Franz Bopp (September 14, 1791, Mainz – October 23, 1867, Berlin) was a German linguist known for extensive comparative work on Indo-European languages.
He was born at Mainz, but owing to the political disarray of the time, his parents moved to Aschaffenburg in Bavaria. There, he received a liberal education at the Lyceum, and Karl J. Windischmann drew his attention to the languages and literature of the East (Windischmann, along with Georg Friedrich Creuzer, Johann Joseph von Görres, and the brothers Schlegel, expressed great enthusiasm for Indian wisdom and philosophy). Moreover, Friedrich Schlegel's book, Über die Sprache und Weisheit der Indier (On the Speech and Wisdom of the Indians, Heidelberg, 1808), which had just begun to exert a powerful influence on the minds of German philosophers and historians, could not fail to stimulate also Bopp's interest in the sacred language of the Hindus.
In 1812, he went to Paris at the expense of the Bavarian government, with a view to devoting himself vigorously to the study of Sanskrit. There he enjoyed the society of such eminent men as Antoine-Léonard de Chézy, Silvestre de Sacy, Louis Mathieu Langlès, and, above all, of Alexander Hamilton (1762–1824) [not the U.S. statesman], who had acquired, when in India, an acquaintance with Sanskrit, and had brought out, along with Langlès, a descriptive catalogue of the Sanskrit manuscripts of the Imperial library. In the library, Bopp had access not only to the rich collection of Sanskrit manuscripts (mostly brought from India by Jean François Pons in the early 18th century) but also to the Sanskrit books which had up to that time been issued from the Calcutta and Serampore presses.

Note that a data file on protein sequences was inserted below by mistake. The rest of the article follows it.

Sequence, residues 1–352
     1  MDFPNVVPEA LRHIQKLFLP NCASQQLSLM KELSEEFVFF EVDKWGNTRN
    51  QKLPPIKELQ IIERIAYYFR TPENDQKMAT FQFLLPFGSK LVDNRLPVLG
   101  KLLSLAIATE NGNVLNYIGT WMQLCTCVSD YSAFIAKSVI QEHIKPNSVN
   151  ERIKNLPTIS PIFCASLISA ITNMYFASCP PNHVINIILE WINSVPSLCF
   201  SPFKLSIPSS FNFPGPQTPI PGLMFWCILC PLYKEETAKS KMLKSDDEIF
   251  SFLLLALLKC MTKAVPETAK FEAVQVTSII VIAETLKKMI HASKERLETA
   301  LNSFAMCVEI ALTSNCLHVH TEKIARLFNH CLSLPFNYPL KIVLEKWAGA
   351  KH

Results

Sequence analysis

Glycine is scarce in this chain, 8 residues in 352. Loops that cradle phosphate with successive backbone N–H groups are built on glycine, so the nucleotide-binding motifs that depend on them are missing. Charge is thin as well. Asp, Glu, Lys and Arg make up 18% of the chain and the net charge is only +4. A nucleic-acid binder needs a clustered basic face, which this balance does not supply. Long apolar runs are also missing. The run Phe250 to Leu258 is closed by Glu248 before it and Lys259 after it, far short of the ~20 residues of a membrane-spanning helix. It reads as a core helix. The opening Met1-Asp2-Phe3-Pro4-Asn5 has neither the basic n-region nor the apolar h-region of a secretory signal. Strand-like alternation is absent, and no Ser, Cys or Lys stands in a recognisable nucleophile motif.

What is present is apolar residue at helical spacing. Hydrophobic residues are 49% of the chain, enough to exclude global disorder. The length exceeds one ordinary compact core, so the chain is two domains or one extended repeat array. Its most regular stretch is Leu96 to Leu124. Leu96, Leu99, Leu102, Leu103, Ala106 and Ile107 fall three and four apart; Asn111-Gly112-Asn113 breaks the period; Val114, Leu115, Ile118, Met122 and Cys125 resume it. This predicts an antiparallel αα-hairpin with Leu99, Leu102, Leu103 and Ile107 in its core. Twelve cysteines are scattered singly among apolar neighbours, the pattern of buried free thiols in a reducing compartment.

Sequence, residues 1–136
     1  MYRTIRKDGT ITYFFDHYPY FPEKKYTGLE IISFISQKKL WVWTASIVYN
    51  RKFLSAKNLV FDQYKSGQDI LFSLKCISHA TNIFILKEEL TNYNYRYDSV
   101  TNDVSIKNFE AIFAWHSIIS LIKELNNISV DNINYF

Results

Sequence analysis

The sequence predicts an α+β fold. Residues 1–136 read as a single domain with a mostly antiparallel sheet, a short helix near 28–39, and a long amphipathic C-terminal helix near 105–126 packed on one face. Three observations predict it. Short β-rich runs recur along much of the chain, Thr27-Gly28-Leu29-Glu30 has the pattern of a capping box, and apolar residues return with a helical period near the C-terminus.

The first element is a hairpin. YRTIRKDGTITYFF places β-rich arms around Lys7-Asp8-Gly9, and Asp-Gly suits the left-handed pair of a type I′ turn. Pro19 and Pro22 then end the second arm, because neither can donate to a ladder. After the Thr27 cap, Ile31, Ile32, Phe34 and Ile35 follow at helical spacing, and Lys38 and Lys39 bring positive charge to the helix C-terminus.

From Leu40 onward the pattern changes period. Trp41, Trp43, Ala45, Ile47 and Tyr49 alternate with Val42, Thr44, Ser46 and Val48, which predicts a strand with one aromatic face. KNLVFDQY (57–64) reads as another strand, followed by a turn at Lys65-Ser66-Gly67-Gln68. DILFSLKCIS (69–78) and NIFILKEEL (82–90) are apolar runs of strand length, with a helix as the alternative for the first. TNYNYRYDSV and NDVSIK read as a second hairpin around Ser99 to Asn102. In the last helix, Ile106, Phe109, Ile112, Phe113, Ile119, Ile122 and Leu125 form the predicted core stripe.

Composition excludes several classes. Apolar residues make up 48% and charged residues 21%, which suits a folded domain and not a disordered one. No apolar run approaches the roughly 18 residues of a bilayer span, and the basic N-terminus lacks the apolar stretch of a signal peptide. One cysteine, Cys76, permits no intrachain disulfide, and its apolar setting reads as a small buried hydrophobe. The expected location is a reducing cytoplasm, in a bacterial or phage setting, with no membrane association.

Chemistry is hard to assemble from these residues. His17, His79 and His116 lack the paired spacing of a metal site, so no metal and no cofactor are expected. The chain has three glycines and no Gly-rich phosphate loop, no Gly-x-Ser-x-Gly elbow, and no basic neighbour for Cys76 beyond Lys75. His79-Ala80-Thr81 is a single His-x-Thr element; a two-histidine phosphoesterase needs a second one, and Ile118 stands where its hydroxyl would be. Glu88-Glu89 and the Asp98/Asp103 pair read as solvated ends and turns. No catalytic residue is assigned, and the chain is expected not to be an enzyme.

The first paper from his four years' study in Paris appeared in Frankfurt am Main in 1816, under the title of Über das Conjugationssystem der Sanskritsprache in Vergleichung mit jenem der griechischen, lateinischen, persischen und germanischen Sprache (On the Conjugation System of Sanskrit in comparison with that of Greek, Latin, Persian and Germanic) (Windischmann contributed a preface). In this first book Bopp entered at once the path on which he would focus the philological researches of his whole subsequent life. He did not need to prove the common parentage of Sanskrit with Persian, Greek, Latin and German, for previous scholars had long established that; but he aimed to trace the common origin of those languages' grammatical forms, of their inflections from composition – a task which no predecessor had attempted. By a historical analysis of those forms, as applied to the verb, he furnished the first trustworthy materials for a history of the languages compared.
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